7 Winter Projects You’ll Thank Yourself For This Spring

Use your winter downtime to do things around the farm that were neglected during the growing season to make spring planting a breeze.

Winter is a hard time to farm. The ground is often too wet or frozen to work, the days are short and cloudy, and the temperatures are hardly inviting. But then spring comes and suddenly you find yourself overwhelmed with projects. However, there are plenty of helpful things you can do during the colder months to prepare for spring planting, many of which don’t require getting into the soil at all. They’re easy enough to do in nearly any weather, and when the spring comes, you’ll want to send yourself a thank-you card.

1. Soil Mix

If you don’t already make your own soil mix for seed-starting, winter is a great time to start. Homemade soil mix helps improve germination but also allows you to add important nutrients to your garden every time you plant. Soil mix is typically one part soil, two parts compost, two parts sand and three parts peat moss with a handful of amendments, such as lime, greensand, fish or crab meal, and rock phosphate—all finely sifted, of course. Follow one of these recipes or look to gardening books like Eliot Coleman’s New Organic Grower (Chelsea Green Publishing, 2nd edition, 1995) for tips and ideas on how to make a soil mix that best suits your practices.

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Scott Pruitt's EPA: a dream for oil and gas firms is nightmare for environment

Trump’s pick to lead Environmental Protection Agency has supported fossil fuel firms and sought to hobble public health regulations he will be responsible for

If environmentalists were to sketch out the government official of their nightmares, it would likely look much like Scott Pruitt. The Oklahoma attorney general has been a raucous supporter of fossil fuel companies and repeatedly sought to hobble the public health regulations he will soon be responsible for as head of the Environmental Protection Agency (EPA).

Pruitt, 48, grew up in Lexington, Kentucky, and found his niche in constitutional and employment law. A Republican, he was elected attorney general of Oklahoma in 2010 after a spell as a state senator. Since 2002, Pruitt has received more than $300,000 in contributions from the fossil fuel industry and in 2014 even allowed Devon Energy, an Oklahoma oil and gas firm, to write a three-page complaint to the EPA on his letterhead.

Pruitt has sued the EPA, the agency he is now set to lead, multiple times over what he considers to be unwarranted meddling by the federal government. He has targeted regulations that limit air pollution haze in national parks, methane leaks from drilling, and mercury and arsenic seeping from power plants.

The attorney general even tried to strip protections from the lesser prairie chicken, a threatened bird, because it presented a feathered barrier to oil and gas drilling. Oklahoma has experienced a huge increase in earthquakes due to a boom in drilling over the past decade.

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Create an Edible Landscape

So much good, productive agricultural land is wasted these days on the cultivation of lawns and shrubs. Beauty and bounty can thrive together if you take the time to design a multifunctional edible landscape.

arbor with grape vines

The edible landscape concept strikes a deep chord with me; I've been exploring its many options and variations for more than 40 years. Americans cover millions of acres of valuable agricultural land around their homes with lawn, marigold and azalea beds, wisteria, and an occasional privet or maple. Yet as a landscape designer, I know most edible plants are beautiful and that homeowners could grow a meaningful amount of food in their yards — a much more noble use of the soil.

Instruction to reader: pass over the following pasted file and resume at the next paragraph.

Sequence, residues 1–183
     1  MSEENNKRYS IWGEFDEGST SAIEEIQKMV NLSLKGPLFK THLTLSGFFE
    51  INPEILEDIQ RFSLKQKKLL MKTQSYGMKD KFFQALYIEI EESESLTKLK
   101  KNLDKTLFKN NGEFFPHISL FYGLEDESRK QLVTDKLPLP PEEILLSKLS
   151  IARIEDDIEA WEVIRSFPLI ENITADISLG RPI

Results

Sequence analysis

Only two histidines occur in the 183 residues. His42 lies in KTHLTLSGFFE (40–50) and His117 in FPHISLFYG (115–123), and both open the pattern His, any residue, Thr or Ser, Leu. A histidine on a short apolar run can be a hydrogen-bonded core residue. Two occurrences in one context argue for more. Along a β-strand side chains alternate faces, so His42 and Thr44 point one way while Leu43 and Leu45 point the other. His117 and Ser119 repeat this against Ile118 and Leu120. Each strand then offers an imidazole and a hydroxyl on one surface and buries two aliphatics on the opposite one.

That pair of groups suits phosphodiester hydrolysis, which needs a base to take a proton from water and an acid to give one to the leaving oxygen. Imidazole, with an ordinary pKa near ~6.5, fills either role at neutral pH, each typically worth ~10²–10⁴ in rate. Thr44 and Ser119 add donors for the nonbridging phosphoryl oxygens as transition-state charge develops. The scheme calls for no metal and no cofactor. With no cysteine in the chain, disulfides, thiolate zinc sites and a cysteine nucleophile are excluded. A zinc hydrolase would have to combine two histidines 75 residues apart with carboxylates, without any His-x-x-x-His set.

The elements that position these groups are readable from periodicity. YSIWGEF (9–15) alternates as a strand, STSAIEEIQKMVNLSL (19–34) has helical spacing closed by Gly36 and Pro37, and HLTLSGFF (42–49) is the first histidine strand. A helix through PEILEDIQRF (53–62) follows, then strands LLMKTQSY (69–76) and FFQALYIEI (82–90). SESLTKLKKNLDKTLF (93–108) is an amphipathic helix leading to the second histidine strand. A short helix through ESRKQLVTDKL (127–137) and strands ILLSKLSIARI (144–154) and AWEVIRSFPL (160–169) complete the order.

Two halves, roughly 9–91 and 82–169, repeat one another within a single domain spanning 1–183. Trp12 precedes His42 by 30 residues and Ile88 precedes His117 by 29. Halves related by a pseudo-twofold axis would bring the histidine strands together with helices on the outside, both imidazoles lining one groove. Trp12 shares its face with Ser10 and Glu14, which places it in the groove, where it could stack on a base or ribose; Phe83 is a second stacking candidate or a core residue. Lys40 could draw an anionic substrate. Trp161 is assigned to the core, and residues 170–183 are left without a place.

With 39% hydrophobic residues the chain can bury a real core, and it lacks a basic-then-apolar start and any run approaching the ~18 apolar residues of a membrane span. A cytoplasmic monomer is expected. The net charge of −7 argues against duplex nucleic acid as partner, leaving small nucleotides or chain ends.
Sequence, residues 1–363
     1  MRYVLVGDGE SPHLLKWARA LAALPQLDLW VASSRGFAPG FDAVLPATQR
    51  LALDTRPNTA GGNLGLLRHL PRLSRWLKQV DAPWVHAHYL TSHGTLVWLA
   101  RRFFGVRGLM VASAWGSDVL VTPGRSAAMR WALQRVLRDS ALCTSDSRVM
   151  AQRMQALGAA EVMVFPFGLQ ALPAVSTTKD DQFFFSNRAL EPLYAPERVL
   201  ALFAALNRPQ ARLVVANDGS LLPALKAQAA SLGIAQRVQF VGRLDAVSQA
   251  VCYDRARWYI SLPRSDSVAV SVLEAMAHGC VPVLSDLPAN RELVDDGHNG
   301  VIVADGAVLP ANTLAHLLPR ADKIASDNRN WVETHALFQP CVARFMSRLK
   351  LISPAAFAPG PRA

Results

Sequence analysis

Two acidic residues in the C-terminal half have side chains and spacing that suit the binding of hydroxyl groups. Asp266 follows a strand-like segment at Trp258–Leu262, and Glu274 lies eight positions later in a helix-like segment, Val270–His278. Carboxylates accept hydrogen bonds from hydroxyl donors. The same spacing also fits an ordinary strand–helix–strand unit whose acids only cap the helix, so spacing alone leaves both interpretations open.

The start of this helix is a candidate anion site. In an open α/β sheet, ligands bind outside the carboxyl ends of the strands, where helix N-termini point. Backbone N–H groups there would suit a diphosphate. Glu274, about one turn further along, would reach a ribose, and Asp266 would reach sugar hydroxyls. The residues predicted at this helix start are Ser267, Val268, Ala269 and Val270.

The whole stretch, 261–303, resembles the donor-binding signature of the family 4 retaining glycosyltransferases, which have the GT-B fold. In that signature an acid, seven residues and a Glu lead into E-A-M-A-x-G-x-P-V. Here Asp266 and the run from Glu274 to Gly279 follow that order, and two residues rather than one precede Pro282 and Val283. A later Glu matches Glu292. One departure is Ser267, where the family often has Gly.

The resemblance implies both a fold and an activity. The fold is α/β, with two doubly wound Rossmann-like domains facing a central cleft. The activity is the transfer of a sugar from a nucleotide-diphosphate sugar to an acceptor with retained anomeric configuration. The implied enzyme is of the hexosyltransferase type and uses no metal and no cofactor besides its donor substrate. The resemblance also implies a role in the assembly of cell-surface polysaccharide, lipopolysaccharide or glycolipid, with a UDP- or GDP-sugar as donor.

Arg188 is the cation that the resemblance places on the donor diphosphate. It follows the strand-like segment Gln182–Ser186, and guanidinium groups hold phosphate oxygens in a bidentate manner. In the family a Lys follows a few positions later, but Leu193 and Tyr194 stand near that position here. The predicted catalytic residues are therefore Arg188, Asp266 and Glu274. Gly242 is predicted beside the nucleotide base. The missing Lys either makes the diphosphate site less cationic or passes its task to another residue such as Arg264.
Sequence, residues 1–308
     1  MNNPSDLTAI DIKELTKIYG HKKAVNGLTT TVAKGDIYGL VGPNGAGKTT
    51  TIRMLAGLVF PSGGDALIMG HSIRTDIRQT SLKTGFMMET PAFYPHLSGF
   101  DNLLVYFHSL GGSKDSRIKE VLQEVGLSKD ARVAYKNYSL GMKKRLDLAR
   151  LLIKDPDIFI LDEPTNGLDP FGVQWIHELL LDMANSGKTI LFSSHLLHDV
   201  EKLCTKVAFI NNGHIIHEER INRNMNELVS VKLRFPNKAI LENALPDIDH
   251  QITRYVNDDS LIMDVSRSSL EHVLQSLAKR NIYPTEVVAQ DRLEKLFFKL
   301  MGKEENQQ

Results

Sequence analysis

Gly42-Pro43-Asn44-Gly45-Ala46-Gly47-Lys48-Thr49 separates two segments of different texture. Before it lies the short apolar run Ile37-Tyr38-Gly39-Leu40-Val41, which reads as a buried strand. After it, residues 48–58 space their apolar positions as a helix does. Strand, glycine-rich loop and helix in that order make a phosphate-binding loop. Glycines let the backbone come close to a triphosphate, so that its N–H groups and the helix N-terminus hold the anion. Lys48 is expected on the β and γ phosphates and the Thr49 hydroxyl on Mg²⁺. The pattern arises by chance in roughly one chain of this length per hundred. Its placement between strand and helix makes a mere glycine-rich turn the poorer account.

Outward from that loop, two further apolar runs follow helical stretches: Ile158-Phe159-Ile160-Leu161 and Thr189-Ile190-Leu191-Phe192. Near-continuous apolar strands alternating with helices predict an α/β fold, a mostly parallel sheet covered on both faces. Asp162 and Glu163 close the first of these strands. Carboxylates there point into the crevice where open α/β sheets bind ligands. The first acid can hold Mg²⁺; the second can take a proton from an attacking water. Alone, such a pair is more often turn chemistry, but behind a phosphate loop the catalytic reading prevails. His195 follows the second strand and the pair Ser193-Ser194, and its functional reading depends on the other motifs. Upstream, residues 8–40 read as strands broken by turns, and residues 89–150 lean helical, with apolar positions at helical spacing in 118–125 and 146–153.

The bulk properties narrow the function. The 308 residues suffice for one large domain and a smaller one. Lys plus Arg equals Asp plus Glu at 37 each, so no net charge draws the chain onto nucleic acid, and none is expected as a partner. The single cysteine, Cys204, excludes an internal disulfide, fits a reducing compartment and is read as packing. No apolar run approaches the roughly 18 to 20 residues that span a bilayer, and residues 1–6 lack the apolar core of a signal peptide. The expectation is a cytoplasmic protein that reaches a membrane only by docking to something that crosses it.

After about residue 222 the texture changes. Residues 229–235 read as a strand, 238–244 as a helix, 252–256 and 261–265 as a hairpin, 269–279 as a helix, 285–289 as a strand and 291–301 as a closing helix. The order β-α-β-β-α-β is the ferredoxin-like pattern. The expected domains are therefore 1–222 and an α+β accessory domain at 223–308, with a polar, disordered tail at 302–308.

Instead of the typical landscape, we could minimize lawn areas and put in decorative borders of herbs, rainbow chard, and striking paprika peppers. Instead of the fleeting color of spring azaleas, we could grow blueberries that are decorative year-round — or pear and plum trees that put on a spring show of flowers, have decorative fruits, and yellow fall foliage. These plants aren’t just pretty, they provide scrumptious fruit and can save you money.

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Climate change will stir 'unimaginable' refugee crisis, says military

Unchecked global warming is greatest threat to 21st-century security where mass migration could be ‘new normal’, say senior military

Climate change is set to cause a refugee crisis of “unimaginable scale”, according to senior military figures, who warn that global warming is the greatest security threat of the 21st century and that mass migration will become the “new normal”.

The generals said the impacts of climate change were already factors in the conflicts driving a current crisis of migration into Europe, having been linked to the Arab Spring, the war in Syria and the Boko Haram terrorist insurgency.

Military leaders have long warned that global warming could multiply and accelerate security threats around the world by provoking conflicts and migration. They are now warning that immediate action is required.

“Climate change is the greatest security threat of the 21st century,” said Maj Gen Munir Muniruzzaman, chairman of the Global Military Advisory Council on climate change and a former military adviser to the president of Bangladesh. He said one metre of sea level rise will flood 20% of his nation. “We’re going to see refugee problems on an unimaginable scale, potentially above 30 million people.”

Previously, Bangladesh’s finance minister, Abul Maal Abdul Muhith, called on Britain and other wealthy countries to accept millions of displaced people.